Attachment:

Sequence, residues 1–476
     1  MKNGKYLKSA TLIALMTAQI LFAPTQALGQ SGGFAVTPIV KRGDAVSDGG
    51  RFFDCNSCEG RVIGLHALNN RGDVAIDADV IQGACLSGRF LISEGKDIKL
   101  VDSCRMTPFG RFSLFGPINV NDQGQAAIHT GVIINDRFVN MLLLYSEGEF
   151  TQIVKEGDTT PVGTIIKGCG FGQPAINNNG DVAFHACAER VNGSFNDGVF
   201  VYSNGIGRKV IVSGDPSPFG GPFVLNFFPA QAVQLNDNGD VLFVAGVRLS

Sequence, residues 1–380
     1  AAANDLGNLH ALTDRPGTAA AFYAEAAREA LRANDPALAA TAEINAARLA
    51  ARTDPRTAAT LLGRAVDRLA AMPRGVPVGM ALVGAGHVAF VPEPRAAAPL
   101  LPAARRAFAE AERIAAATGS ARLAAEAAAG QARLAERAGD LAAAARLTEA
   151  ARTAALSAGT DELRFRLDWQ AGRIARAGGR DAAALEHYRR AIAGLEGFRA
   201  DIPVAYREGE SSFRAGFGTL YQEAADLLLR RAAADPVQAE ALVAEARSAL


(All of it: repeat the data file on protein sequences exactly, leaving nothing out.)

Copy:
Sequence, residues 1–476
     1  MKNGKYLKSA TLIALMTAQI LFAPTQALGQ SGGFAVTPIV KRGDAVSDGG
    51  RFFDCNSCEG RVIGLHALNN RGDVAIDADV IQGACLSGRF LISEGKDIKL
   101  VDSCRMTPFG RFSLFGPINV NDQGQAAIHT GVIINDRFVN MLLLYSEGEF
   151  TQIVKEGDTT PVGTIIKGCG FGQPAINNNG DVAFHACAER VNGSFNDGVF
   201  VYSNGIGRKV IVSGDPSPFG GPFVLNFFPA QAVQLNDNGD VLFVAGVRLS

Sequence, residues 1–380
     1  AAANDLGNLH ALTDRPGTAA AFYAEAAREA LRANDPALAA TAEINAARLA
    51  ARTDPRTAAT LLGRAVDRLA AMPRGVPVGM ALVGAGHVAF VPEPRAAAPL
   101  LPAARRAFAE AERIAAATGS ARLAAEAAAG QARLAERAGD LAAAARLTEA
   151  ARTAALSAGT DELRFRLDWQ AGRIARAGGR DAAALEHYRR AIAGLEGFRA
   201  DIPVAYREGE SSFRAGFGTL YQEAADLLLR RAAADPVQAE ALVAEARSAL